A United States Airborne Reconnaissance Low (ARL) was forced to make an emergency landing during the joint US/South Korean exercises in March 2011. While the net result was no loss of life and or property damage, the technological advances by North Korea are being overlooked by our government and media.
What’s next from North Korea according to the Korean Times’ report from South Korea’s defense ministry?
The report said that the North could soon begin developing electromagnetic pulse (EMP) bombs that can damage high-tech defense systems such as radars and communication networks.
“We don’t have any confirmed intelligence, but given the rate of the North’s development of new electronic devices and EMP development in other countries, it’s possible that North Korea will also develop (EMP bombs),” the report said.
When North Korea detonates its first EMP, we will not have to wait six months to read about it in an obscure media outlet.
North Korea, East Asia’s most annoying Stalinist dictatorship, tends to get a little cranky when its neighbor to the South drills with the American military. Usually, that means Pyongyang using its GPS jammers to try and throw a wrench in the exercise. Now, South Korea’s military says the North’s electronic interference has done more than just bug folks trying to get satellite-guided directions to their favorite bibimbap spot. North Korea’s jamming pushed an American military aircraft out of the skies.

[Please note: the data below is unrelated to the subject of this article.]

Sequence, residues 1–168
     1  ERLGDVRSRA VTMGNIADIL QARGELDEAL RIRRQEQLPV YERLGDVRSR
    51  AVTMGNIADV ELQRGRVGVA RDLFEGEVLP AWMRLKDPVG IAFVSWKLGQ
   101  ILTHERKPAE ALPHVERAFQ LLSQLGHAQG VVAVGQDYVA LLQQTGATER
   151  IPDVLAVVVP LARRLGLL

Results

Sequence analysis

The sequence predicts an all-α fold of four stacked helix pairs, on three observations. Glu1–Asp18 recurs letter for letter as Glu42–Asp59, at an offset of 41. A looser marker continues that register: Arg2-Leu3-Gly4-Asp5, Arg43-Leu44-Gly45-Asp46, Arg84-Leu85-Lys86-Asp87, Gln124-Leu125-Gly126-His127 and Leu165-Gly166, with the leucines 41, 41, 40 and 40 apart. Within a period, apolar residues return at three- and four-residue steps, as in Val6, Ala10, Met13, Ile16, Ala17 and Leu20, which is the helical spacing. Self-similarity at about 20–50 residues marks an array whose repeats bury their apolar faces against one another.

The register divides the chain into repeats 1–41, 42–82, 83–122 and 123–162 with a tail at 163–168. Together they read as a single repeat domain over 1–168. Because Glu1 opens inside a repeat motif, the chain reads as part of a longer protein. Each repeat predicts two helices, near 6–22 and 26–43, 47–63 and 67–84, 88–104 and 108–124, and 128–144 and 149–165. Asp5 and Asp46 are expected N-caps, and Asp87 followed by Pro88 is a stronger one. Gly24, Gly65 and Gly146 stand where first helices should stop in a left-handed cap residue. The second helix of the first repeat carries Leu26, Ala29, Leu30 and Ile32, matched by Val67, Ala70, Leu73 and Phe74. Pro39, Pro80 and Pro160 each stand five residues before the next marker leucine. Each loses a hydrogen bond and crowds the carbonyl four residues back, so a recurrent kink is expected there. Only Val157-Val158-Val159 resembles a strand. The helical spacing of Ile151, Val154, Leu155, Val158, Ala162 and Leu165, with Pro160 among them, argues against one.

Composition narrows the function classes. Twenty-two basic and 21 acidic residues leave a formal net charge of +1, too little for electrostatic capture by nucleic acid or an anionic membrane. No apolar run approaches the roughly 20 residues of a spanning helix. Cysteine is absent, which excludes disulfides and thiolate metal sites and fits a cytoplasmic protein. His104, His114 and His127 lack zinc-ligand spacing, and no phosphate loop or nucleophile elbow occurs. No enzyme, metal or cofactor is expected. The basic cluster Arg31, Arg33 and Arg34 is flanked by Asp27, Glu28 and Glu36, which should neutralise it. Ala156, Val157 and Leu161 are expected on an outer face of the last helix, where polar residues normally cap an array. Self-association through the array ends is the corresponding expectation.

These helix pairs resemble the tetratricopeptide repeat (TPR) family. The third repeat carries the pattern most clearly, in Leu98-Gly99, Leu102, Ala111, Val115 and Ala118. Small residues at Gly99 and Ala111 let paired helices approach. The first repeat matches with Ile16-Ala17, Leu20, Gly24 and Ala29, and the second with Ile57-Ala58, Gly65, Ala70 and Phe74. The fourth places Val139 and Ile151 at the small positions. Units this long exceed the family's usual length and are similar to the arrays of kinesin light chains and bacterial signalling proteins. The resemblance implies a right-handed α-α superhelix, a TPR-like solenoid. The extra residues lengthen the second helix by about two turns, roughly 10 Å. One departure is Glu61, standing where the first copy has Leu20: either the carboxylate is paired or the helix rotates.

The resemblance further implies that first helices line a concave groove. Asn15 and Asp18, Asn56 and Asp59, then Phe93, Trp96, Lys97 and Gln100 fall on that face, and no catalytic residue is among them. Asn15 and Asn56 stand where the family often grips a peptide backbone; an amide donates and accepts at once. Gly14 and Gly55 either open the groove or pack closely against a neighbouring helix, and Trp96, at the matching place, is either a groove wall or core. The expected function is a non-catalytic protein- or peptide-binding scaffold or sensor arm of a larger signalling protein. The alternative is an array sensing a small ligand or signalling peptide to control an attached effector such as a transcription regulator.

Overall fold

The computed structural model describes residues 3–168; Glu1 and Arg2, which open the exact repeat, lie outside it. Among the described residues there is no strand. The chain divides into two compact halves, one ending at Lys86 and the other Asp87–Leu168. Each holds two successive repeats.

South Korea’s Chosun Ilbo reported Friday that North Korea’s GPS jamming forced an American spy plane to make an emergency landing during joint U.S.-South Korean exercise in March. The incident took place during the Key Resolve-Foal Eagle exercise, and was revealed by a South Korean Defense Ministry report.
“If the report is accurate, the [North Koreans] may have acquired a more powerful GPS jammer, capable of affecting navigation systems over a wider area, (potentially) impacting a host of activities, from intelligence collection to precision weapons applications,” one former U.S. Air Force intelligence officer notes.
The plane that made the emergency landing was reportedly an Army RC-7B ARL (Airborne Reconnaissance Low), a modified DeHavilland DHC-7 filled with reconnaissance gear. The plane’s approximately eight hour duration and ability to fly low and slow make it a handy espionage platform. In this configuration, RC-7B is equipped with a range of intelligence kit, from a forward-looking infrared radar to a daylight imaging system. It’s also got a synthetic aperture radar and wide area moving target indicator that track vehicles and people in motion. The plane carries communications intelligence equipment, too.